Why did you take this course?
I am primarily a poet. I often feel that language is utilized in my field with all the power and usefulness of a frilly-finned goldfish. I should say that I took Literary Journalism because I was interested in how journalism impacted the literary world. I could also say that learning about various forms of writing improves my imagination on all sides, or that I wanted to become a powerful goldfish of language.
But the real reason is Lynne Barrett. Every once in a while, I discover a professor who dedicates herself to her students as enthusiastically and meticulously as she does to her own endeavors. Lynne Barrett is such a person. I felt that studying literary journalism with her would teach me to navigate the field more respectfully and attentively, but I really just wanted to take another class with her.
What did you hope to learn in this course?
I was particularly interested in building a platform for myself as a writer. In a world where so many people have an MFA and everyone is glued to the internet, visibility and diversity go a long way. A bit of direction in understanding how to present myself as such can go a long way.
What have you learned so far?
Lynne asked me several times throughout the semester how my author website was going, and has motivated me six ways from Sunday to actually create an online presence. I’m also inspired at what wild sprigs of ideas can be explored and planted under the umbrella of “literary journalism.” And people are interested. Look at http://www.brainpickings.org. Or http://paperandsalt.org, this amazing website that pairs authors with recipes. If you can think it, organize it, write it, you can probably find readers for it.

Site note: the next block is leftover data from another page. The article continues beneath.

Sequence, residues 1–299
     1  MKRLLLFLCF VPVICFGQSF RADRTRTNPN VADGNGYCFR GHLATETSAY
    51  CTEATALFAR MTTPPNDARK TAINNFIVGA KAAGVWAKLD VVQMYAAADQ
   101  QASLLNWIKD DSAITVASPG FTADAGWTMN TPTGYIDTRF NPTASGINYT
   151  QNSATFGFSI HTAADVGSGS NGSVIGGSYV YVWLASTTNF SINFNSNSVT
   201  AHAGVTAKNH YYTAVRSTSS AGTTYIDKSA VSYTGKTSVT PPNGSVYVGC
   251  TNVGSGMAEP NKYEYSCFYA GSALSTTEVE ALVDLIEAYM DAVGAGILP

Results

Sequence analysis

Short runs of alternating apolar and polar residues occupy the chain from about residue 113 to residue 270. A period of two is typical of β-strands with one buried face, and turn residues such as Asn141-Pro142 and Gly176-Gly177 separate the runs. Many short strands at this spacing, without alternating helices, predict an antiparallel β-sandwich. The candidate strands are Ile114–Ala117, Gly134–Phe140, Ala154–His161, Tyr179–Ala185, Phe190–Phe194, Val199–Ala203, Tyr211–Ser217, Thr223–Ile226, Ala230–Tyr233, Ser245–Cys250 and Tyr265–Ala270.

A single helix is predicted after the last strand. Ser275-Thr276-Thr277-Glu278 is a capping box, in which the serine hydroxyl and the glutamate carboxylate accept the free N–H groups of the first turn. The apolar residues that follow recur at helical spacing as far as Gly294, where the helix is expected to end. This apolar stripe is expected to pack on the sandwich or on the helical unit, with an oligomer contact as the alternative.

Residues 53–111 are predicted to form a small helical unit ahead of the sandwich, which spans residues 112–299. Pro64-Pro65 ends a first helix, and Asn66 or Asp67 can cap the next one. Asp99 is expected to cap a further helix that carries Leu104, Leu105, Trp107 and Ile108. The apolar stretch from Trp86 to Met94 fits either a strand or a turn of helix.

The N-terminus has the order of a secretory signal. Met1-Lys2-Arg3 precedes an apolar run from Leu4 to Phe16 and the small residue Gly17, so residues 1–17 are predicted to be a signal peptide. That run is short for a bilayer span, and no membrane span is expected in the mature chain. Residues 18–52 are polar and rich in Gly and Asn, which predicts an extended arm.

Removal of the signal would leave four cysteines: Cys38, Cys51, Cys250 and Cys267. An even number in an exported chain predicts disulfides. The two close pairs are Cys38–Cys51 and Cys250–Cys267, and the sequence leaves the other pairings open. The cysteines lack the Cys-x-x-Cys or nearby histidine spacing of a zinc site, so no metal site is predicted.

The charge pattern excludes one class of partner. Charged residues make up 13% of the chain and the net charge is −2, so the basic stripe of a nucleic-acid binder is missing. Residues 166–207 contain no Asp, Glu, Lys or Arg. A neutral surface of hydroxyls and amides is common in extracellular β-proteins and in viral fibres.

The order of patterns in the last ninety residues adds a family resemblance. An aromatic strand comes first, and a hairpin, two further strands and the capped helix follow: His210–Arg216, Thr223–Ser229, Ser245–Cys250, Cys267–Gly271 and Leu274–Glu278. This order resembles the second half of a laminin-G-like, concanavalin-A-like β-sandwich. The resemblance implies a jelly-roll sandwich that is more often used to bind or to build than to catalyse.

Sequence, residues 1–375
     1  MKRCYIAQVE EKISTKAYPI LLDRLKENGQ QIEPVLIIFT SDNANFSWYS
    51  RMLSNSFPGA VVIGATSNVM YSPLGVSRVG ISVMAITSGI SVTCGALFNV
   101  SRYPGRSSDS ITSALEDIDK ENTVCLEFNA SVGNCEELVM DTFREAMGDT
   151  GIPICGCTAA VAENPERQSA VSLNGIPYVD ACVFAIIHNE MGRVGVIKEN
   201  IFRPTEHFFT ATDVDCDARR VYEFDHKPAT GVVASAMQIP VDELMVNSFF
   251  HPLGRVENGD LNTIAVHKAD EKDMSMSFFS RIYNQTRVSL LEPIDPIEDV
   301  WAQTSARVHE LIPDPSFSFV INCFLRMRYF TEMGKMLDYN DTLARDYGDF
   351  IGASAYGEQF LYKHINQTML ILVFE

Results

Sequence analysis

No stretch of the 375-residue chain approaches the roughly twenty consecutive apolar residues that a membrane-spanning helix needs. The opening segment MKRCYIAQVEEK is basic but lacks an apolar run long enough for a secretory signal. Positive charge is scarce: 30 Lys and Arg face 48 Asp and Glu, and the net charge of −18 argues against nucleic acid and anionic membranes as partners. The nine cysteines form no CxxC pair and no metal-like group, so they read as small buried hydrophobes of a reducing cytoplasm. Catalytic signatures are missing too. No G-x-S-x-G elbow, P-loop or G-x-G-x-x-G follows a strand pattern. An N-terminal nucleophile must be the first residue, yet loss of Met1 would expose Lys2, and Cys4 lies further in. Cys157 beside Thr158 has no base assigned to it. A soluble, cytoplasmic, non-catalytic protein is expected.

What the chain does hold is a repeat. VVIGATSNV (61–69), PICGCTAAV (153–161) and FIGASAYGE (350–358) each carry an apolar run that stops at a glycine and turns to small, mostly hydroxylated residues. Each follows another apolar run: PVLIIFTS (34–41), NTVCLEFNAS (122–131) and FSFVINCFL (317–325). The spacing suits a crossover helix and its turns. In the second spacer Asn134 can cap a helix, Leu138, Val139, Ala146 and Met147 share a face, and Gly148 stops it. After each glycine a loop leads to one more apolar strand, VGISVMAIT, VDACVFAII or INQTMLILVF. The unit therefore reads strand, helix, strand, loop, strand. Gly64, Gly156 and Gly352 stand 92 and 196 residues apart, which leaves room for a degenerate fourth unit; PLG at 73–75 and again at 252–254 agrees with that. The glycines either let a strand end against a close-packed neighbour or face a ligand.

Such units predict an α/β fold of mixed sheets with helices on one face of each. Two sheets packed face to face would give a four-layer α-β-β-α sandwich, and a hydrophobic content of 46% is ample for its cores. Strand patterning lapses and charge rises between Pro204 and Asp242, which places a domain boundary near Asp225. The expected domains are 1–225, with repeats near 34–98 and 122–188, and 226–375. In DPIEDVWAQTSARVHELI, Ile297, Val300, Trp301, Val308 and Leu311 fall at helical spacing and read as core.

When did you begin blogging and why?
I’ve had everything from MySpace to Wordpress. You name it, I’ve tried my hand at it. Every time I started a blog, it petered off after a few tepid entries of useless personal information. I’ve never had great discipline with blogging. I would rather spend my time editing a journal or practicing archery than typing up a blog post that will probably crawl out of its internet grave in twenty years to haunt me.
However, when wielded attentively and devotedly, blogging can be a writer’s greatest asset. I think one valuable thing Lynne has taught me is consistency with taking on the internet literary community. If you say you’re going to post once per week, you’d better be true to your word. And then perhaps one right blog post shared on a whim can go viral and elevate you to fame. Isn’t that the luck of the draw? I’m not hoping for that. Some days, it’s a challenge to get anything down on paper at all.
What are the advantages of blogging? Disadvantages?
Time is definitely an issue for me. I foresee myself not so much exploring the advantages of blogging (or blundering through the disadvantages) as utilizing a website as a platform that requires minimal maintenance. I would imagine the entire internet community keeping me accountable to my own online presence. Everything about the web is a double-edged sword. Isn’t that why it’s called a “web” and a “net-work?” Sometimes you’re the fisherman, and sometimes you’re the fish.
Marci Calabretta is a Knight Fellow and poetry MFA candidate at Florida International University. Her work has appeared in American Letters & Commentary, The MacGuffin, and other journals. She is Managing Editor of Print Oriented Bastards, Poetry Editor for Gulf Stream Literary Magazine, and a contributing editor for The Florida Book Review. Her chapbook, Last Train to the Midnight Market, was released from Finishing Line Press in 2013.
Web Site: www.MarciCalabretta.com